Samsung and ARM Announces Partnership Cortex-A76 Mobile Chips with Frequencies Over 3 GHz

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As we have seen in the performance charts, phones from companies such as Samsung or Huawei are not exactly among the top-of-the-range devices on the market. This may soon change, however, as the Korean company has concluded a new partnership with ARM for the development of new mobile chips based on the new Cortex-A76 architecture. They will be smaller, will consume less power and will be able to run at frequencies above 3 GHz, something that no other ARM chip in the market can do

Snapdragon 845 is delivered at a maximum of 2.8 GHz, while manufacturers such as ASUS or Xiaomi can also reach 2.9 GHz overclocking. This frequency, however, is achieved by making compromises such as the integration of more efficient cooling systems and the use of active cooling on the air, which can not be integrated into every smartphone on the market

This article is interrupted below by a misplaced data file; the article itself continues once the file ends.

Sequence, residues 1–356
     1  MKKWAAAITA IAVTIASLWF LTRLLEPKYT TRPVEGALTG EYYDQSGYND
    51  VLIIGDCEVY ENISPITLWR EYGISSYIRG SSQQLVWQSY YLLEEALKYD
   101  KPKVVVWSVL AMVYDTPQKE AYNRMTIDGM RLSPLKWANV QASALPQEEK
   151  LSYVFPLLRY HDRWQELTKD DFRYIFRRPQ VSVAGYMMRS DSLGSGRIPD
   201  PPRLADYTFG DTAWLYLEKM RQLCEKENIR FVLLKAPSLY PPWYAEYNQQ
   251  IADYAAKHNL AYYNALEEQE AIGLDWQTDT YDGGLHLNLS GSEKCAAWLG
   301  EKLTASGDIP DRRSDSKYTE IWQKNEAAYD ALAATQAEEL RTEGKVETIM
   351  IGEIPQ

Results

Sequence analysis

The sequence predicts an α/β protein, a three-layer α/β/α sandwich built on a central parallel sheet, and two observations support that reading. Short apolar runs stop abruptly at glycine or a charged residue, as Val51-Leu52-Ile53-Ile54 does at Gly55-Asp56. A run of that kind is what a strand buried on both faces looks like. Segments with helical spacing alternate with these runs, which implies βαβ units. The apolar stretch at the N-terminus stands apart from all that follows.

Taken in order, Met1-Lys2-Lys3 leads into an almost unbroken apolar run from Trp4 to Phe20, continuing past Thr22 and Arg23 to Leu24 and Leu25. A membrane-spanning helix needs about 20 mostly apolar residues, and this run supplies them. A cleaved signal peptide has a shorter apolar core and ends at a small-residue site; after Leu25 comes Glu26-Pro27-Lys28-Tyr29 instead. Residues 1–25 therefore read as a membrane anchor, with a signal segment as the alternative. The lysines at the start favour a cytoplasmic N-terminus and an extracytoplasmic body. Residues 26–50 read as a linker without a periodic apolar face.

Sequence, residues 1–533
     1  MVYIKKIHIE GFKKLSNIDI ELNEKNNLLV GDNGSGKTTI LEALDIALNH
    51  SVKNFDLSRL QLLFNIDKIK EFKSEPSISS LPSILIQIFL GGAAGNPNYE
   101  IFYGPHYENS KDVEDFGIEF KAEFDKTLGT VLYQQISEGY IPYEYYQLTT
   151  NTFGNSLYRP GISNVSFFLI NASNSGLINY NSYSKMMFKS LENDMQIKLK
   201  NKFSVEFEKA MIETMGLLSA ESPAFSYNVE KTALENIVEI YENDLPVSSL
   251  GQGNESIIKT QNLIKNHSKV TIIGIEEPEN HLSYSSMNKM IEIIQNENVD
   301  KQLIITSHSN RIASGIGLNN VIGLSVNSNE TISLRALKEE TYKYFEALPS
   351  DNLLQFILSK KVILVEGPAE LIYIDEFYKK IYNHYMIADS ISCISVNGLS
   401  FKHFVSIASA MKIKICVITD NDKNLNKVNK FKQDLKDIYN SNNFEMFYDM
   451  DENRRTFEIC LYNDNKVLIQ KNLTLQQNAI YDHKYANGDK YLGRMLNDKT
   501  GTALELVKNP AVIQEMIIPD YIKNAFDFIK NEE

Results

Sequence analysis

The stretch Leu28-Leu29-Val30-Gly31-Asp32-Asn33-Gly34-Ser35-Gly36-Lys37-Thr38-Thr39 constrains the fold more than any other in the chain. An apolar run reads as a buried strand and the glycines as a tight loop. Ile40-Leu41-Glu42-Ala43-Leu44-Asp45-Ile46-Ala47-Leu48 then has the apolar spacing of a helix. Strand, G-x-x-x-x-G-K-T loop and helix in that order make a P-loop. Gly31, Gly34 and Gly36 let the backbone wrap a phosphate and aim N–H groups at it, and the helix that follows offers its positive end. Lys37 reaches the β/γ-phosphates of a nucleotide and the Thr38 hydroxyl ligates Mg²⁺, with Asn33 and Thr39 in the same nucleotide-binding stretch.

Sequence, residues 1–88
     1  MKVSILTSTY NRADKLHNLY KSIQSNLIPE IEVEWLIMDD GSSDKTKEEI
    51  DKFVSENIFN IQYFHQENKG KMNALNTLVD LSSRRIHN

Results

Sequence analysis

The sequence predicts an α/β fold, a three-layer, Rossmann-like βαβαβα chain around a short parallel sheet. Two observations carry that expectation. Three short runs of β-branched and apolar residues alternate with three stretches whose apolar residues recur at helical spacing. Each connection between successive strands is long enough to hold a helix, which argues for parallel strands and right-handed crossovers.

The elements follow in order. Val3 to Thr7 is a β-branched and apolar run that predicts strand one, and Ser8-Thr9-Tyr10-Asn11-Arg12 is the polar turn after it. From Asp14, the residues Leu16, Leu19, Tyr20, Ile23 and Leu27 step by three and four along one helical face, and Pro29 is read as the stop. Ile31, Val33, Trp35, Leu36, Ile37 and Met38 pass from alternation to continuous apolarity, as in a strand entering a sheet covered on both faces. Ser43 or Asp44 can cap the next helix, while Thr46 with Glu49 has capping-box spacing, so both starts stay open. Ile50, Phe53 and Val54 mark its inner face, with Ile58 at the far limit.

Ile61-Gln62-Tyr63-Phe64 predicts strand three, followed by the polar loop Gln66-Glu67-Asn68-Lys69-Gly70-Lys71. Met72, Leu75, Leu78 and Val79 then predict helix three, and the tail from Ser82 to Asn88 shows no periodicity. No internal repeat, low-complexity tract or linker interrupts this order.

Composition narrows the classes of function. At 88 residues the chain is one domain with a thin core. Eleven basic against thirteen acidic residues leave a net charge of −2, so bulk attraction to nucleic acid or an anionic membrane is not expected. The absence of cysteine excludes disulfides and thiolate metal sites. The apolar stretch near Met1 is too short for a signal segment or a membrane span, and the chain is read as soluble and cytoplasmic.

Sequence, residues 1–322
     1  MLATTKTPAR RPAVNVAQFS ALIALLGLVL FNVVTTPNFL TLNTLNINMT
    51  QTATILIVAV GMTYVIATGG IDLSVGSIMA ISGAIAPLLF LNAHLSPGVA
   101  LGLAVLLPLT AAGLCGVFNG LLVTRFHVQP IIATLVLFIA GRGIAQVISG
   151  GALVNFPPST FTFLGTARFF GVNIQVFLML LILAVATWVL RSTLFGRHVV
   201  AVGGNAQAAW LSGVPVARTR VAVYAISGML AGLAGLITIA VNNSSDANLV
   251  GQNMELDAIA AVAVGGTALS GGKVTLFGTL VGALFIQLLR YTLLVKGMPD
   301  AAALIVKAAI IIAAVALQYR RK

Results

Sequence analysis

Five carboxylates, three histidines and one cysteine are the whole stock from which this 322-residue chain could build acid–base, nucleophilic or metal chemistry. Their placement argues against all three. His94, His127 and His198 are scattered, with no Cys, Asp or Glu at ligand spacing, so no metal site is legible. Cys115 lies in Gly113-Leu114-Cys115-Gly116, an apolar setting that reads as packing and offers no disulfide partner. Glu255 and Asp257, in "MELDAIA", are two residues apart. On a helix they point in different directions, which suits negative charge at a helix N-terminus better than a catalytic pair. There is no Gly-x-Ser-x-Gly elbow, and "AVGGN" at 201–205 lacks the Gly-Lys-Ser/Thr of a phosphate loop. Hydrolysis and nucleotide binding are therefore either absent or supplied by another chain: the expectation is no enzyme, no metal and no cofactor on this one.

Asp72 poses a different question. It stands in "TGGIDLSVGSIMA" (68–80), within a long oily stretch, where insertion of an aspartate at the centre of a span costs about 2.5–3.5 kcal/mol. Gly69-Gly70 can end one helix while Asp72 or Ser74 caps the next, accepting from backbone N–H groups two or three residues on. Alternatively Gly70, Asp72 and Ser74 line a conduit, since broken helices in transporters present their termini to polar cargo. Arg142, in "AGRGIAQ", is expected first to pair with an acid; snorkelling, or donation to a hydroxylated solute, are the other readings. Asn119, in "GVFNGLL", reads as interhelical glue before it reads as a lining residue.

So the news about a new chipset made through a Samsung-ARM partnership is very appealing, especially when we consider that ARM claims that will blow up even the Intel Core i7 chips on laptops offering similar performance with much lower consumption. This suggests that there may be future chipsets for Windows 10 on ARM equipped with such cores.

The new chip Cortex-A76 will be the first to use the new manufacturing processes from Samsung called 7LPP (7nm Low Power Plus) and 5LPE Early). It will be the "smallest" chip on the market and its production could start very soon, Samsung announcing earlier that it will be able to produce 7LPP chips in the second half of 2018. The 5LPE process will come later, probably, along with the Extrem Ultraviolet (EUV) lithography process that would allow the integration of multiple components on a single chip

Of course, the products that will result from this agreement will not be Samsung exclusive. The Cortex-A76 kernels will also be used by other chipset manufacturers to build their own chipsets (such as Qualcomm, MediaTek, Apple, etc.), but many have already started to build their own ARM-based architectures .

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